Harriet Storer said she loves restoring small wooden Victorian chairs such as the old-fashioned spindle chairs.
"I like Victorian, but I have to depart from that because a lot of people do not like Victorian. People like vintage styles," she said.
Storer even used animal skulls and bones to complement a western-themed chair.
"I bought a cow skull, but it wasn't a real cow skull, it was made out of plaster, but it looked real. The real cow skulls are expensive. I repurposed this cow skull and put it on a chair, instead of hanging it on a wall. I put a live cactus on it and it looked like a real cow skull," she said.
Sometimes repurposing involves making a few edits.
"Sometimes we take a chair and if it's too tall and a leg is bad, we cut it off. We cut off the legs or the backs and we redo them so they could be reusable," Harriet Storer said.
When it comes to home dcor, some customers like a vineyard or a European tavern, inspired look for their homes.
"I put wine bottles and beer steins on chairs. I drill holes in the chair and I attach wine bottles and steins in different ways. With a drill, you can wire them on and I also use tacking to attach them. Glass is hard to put on a chair, because if it is not attached or wired, it can fall off," Harriet Storer said.
Teapots are another item which Harriet Storer collects and sells. She also repurposes chairs adding interesting fixtures of nostalgia on them.
"I sell a lot of teapots, doilies and I even sold some teapots to the Amish. I take teapots and I buy and sell them and make a collage of teapots. I always sell the big chairs with a pitcher and bowl on them like they had in the old fashioned homes. People who like Victorian style appreciate these types of chairs," Harriet Storer said.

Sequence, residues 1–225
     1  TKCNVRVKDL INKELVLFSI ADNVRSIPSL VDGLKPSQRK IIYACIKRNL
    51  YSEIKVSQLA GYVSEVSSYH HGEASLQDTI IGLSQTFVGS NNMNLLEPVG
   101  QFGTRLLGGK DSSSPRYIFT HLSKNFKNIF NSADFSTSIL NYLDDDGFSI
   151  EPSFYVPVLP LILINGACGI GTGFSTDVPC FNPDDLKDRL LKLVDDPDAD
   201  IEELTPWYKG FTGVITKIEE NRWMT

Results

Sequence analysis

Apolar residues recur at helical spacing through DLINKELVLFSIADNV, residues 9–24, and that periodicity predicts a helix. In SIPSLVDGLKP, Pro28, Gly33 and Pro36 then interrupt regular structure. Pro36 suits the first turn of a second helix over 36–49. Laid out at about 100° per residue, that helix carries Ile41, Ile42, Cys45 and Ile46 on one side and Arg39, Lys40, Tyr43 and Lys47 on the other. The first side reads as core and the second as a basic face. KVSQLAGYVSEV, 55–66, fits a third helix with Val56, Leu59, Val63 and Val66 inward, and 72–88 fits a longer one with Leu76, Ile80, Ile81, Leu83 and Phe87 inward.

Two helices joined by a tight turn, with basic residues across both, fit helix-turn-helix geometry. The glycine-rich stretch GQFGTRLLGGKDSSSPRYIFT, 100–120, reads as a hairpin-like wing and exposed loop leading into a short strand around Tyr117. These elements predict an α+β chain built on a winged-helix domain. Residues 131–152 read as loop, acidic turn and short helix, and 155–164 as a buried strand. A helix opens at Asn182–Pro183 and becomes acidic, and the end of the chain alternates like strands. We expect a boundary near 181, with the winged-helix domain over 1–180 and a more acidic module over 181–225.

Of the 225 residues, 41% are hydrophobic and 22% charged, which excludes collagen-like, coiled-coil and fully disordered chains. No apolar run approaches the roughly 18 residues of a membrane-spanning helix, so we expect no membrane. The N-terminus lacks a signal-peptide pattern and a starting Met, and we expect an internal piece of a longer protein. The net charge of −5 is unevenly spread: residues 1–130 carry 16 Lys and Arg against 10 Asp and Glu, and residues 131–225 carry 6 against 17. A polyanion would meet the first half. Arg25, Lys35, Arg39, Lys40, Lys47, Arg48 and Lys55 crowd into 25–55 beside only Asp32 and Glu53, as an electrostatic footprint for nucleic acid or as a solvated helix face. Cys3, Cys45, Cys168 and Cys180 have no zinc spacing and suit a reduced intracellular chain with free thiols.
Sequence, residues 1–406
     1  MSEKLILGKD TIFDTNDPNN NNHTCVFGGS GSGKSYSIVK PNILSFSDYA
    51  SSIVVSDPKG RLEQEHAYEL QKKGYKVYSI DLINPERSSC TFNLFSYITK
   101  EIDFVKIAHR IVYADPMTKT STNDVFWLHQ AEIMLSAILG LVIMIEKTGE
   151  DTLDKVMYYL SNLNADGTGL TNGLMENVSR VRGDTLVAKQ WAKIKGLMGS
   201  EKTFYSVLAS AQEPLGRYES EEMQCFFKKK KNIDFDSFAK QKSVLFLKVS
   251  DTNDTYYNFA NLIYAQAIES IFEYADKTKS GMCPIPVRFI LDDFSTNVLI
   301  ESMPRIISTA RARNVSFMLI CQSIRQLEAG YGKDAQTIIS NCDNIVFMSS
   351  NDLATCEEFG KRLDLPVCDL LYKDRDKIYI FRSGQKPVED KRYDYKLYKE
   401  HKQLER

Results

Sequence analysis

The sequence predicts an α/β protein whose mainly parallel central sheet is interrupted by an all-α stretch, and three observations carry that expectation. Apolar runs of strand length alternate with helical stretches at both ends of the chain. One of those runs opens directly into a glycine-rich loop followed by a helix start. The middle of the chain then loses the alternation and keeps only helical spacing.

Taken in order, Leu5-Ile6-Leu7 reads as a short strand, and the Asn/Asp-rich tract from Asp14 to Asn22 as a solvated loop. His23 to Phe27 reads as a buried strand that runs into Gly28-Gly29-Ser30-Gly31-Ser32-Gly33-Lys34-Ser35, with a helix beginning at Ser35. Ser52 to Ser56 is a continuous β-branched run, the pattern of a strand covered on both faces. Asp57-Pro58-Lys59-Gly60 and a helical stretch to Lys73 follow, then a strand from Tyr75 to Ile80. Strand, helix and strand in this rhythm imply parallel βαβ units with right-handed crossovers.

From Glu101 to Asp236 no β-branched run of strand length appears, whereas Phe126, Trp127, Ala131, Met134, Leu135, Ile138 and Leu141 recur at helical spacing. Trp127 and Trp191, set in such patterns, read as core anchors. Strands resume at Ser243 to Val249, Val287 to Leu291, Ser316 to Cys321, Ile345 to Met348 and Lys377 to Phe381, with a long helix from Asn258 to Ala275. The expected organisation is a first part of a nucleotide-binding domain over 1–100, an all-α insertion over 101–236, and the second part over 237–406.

Harriet Storer also likes repurposing chairs as planters, using chairs as an object to hold potted plants. These types of arrangements add character and style to a front porch.
"I like to do flower arranging. When I saw the chairs, it was an idea for something to do and it's fun. I like the creative process of finding an object and making it into something else. I found an old baby buggy, painted it and made it a flower container. It makes a beautiful flower container. I found an old chest, which is in front of my house, I filled it with flowers and repurposed it," Harriet Storer said.
Ray Storer, Harriet's husband, travels to yard sales with her to find the interesting items that she repurposes and also adds to her chairs.
"We will be at a yard sale and she'll pick something up and I will ask, 'What are going to use this for?' She will say to me, 'You'll see.' It's amazing what she does and she is amazingly talented. She is lucky that she has friends who help her. Sometimes we come home and there are chairs on our patio from friends. If her friends see a chair on the side of the road, they call her or drop them off at our house," Ray Storer said.